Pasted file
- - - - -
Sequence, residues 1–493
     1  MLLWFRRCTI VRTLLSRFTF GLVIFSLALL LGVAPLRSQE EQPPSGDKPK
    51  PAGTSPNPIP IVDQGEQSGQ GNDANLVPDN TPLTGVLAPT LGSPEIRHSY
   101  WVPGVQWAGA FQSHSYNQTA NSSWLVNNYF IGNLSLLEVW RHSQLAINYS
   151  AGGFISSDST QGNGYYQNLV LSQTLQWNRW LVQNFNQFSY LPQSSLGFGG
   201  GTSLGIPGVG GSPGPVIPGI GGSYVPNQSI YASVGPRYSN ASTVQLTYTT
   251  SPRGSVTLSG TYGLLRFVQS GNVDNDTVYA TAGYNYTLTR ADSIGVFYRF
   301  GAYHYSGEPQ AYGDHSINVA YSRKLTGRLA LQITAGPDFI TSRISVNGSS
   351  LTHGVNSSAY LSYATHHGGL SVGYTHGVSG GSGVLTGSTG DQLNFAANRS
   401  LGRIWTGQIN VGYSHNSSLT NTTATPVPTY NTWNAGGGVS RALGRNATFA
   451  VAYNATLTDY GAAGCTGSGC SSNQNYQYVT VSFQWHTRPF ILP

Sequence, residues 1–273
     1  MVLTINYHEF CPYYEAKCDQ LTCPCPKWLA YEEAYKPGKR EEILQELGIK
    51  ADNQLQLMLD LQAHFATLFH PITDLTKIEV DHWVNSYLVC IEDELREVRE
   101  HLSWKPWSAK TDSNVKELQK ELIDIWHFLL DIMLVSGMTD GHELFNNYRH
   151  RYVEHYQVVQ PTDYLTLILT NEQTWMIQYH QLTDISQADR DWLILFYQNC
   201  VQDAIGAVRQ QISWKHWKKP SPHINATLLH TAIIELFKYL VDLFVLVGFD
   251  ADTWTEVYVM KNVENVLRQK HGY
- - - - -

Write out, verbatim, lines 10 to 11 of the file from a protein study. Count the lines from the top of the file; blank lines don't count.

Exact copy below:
   401  LGRIWTGQIN VGYSHNSSLT NTTATPVPTY NTWNAGGGVS RALGRNATFA
   451  VAYNATLTDY GAAGCTGSGC SSNQNYQYVT VSFQWHTRPF ILP